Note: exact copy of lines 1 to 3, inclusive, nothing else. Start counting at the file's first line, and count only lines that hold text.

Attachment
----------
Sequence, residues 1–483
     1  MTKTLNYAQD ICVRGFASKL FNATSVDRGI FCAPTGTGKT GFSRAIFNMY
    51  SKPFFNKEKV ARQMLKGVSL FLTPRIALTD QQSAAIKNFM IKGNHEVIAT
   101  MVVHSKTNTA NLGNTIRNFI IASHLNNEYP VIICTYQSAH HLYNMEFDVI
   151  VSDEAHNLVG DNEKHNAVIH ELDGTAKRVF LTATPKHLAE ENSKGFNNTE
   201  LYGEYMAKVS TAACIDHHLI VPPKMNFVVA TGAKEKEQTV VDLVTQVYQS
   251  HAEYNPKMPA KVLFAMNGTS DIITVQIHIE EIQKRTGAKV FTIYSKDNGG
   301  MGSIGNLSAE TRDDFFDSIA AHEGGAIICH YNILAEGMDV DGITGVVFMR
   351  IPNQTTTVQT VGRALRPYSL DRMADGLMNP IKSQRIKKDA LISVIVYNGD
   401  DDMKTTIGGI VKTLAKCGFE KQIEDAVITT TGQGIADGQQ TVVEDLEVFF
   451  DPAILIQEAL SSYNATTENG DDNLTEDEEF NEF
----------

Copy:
Sequence, residues 1–483
     1  MTKTLNYAQD ICVRGFASKL FNATSVDRGI FCAPTGTGKT GFSRAIFNMY
    51  SKPFFNKEKV ARQMLKGVSL FLTPRIALTD QQSAAIKNFM IKGNHEVIAT